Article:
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sha sha sha sha | she shẻ | shi shi | shỏ shỏ shỏ : shů shů shů | shou.
tả tả tả tả | tẻ tẻ | tỉ tỉ | tỏ tỏ tổ | tủ tủ tủ | tou. thà thả thà thân | thè thẻ | thì thì | thò thỏ thỏ | thù thủ thủ | thou.
wha whả whȧ wha | whẻ whê | whi whi | whỏ whỏ whỏ | whủ whủ whủ | whou.
The object of this Exercise is to bring into proper play the muscles of the lips, and enable the pupil to pronounce with facility, v, w, and wh, in certain situations, and to distinguish between them.
wȧ - vá
vå - wå
wå - whå
wå - vå
wå - vå
wâ - whâ
wè - vè
wẻ - vẻ
wi - vi
wo - vo
VỎ a wỎ
vou - wou
tů - ků
thỏ - sở
thò - sở
gů dů - gå dů - gů dou-gou
tů - kú
THỦ - tủ
thủ - sủ thou - sou
kou The design of this exercise is to bring into proper action the
The object of this Exercise is to enable the pupil to utter perfectly the subvowels and aspirates, when they are the final elements of words.
ab eb ib ob ub ad ed id od ud ag eg ig og ug al el il ol ul am em im om um an en in on un
N, and NG, contrasted.
an, ang; en, eng; in, ing; on, ong; un, ung.
This Exercise exhibits the analysis of words in which there are easy combinations of elements. In the first column the words are presented as they are usually spelled; in the second, their elements are separated by hyphens. The pupil should spell the words, uttering, separately, each element, and not the name of the letter, as is generally done in the schools.
ang eng ing ong ung
af ef if of uf ak ek ik ok uk ap ep ip op up ash esh ish osh ush
at et it ot ut
ath eth ith oth uth
muscles which move the tip, and root of the tongue, and to contrast the elements, d and g, and t and k, which, by children, are sometimes confounded. The want of entire command of the muscles of the tongue and lips, is the reason why some persons speak thick, as it is called. A part of this Exercise is adapted to the case of lispers, those who substitute the subvowel Tн for ; and the aspirate th for 8.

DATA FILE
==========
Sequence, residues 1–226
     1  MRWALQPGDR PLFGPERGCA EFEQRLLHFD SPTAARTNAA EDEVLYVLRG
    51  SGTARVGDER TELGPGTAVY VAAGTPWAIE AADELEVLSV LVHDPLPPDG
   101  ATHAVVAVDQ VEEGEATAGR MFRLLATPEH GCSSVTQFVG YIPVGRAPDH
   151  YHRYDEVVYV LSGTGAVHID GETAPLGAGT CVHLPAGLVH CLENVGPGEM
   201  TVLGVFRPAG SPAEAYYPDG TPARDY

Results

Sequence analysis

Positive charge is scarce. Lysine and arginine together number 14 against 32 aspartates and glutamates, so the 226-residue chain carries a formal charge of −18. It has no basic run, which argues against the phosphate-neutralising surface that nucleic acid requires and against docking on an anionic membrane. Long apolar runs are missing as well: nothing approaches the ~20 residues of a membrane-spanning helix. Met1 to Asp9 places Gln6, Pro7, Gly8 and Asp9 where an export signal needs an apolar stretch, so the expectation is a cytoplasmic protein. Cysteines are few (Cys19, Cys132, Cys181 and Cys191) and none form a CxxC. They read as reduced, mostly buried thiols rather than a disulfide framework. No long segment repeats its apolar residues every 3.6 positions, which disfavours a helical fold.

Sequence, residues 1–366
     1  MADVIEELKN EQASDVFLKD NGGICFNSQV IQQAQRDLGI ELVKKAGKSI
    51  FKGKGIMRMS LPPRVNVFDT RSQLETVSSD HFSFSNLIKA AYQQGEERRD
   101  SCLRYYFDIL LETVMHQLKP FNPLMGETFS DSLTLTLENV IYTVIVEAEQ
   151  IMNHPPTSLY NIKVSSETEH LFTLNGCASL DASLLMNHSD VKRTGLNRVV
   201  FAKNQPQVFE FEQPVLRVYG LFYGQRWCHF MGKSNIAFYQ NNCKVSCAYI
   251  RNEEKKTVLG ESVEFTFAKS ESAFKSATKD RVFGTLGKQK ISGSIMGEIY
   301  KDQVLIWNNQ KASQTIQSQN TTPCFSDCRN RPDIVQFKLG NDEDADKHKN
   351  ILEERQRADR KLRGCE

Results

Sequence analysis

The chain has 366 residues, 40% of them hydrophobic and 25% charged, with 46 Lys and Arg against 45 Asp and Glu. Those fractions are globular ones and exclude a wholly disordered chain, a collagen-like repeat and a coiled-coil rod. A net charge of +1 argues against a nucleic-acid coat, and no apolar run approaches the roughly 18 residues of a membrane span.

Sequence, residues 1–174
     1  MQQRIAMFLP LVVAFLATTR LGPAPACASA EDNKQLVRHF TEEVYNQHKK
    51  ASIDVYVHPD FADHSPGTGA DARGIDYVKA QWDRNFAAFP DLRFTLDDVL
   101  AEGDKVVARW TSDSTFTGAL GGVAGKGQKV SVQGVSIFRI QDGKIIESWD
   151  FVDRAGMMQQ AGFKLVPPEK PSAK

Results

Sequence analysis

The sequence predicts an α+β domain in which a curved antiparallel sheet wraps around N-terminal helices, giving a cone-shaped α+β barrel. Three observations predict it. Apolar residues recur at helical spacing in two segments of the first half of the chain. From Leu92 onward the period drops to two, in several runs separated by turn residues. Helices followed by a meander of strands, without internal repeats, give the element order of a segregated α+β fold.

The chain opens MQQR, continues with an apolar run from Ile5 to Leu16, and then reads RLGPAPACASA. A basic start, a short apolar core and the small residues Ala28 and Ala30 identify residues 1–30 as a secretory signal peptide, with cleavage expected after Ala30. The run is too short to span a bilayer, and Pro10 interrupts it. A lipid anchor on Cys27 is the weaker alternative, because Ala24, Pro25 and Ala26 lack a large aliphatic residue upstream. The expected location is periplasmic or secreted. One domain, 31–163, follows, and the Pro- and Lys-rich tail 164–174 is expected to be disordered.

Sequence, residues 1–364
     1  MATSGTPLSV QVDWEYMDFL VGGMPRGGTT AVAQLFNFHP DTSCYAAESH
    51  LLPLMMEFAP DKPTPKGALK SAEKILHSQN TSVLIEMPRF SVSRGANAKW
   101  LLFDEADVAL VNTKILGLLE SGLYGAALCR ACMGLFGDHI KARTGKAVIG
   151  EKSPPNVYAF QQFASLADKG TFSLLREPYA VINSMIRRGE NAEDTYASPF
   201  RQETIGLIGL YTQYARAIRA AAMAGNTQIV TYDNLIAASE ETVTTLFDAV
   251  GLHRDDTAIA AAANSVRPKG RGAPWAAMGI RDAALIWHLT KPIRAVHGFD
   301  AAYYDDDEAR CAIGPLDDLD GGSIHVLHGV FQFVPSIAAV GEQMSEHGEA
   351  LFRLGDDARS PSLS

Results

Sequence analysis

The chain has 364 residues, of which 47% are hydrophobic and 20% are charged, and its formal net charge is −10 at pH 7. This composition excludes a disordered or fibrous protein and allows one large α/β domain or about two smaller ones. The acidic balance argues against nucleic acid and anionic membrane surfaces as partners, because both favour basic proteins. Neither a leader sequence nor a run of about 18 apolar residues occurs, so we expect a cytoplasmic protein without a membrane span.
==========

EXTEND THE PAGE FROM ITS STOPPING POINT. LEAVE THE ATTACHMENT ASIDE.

This Exercise exhibits the analysis of words in which there are difficult combinations of elements.
This is an Exercise in Pitch. The first four notes, counting from below, belong to the natural voice; the fifth, to the falsetto. The pupil should pronounce the letters, a, e, i, a, in the ascending and descending order of the scale, and with the rising and falling inflection, as represented by the notes. He should then, in like manner, pronounce each vowel element- ascending and descending, as before.
-ú-ù- Mr. President,
|–á-à▬▬é-è--í-ì--ó-ò‒‒ú-ù- Mr. President, |—á—à—|—é-è—|—í—–ì‒‒ó–ò‒‒ú-ù- Mr. President,
|-á-à-—é-è-|-í-ì——6—ò‒‒ú-ù- Mr. President,
|-á-à-|-é-è-|-í-í-|-6-ò-|-ú-ù-| Mr. President,
The pupil should pronounce all the vowels, which admit of long quantity, alternately with the rising and falling inflection, through various intervals of pitch, as shown by the Diagram.
house, temple. thunder, battle, heaven,
A storm of universal fire blasted every field, consumed every house', and destroyed every temple.
Then shook the hills with thunder riv'n,
tower, shine, glad, terrible. man, woman, child, beast.
Ye are the things that tower, that shine, whose smile makes glad', whose frown is terrible.
They did not see one man, not one woman, not one child, not one four-footed beast', of any description whatever.
exulting, trembling, raging, fainting. disturbed, delighted, raised, refined.
Exulting, trembling, ra'ging, faint ing,
seasonless, herbless, treeless, manless, lifeless, death,
The populous and the powerful was a lump, Sea'sonless, herb.less, tree less, man'less, lifelessA lump of death — a chaos of hard clay,.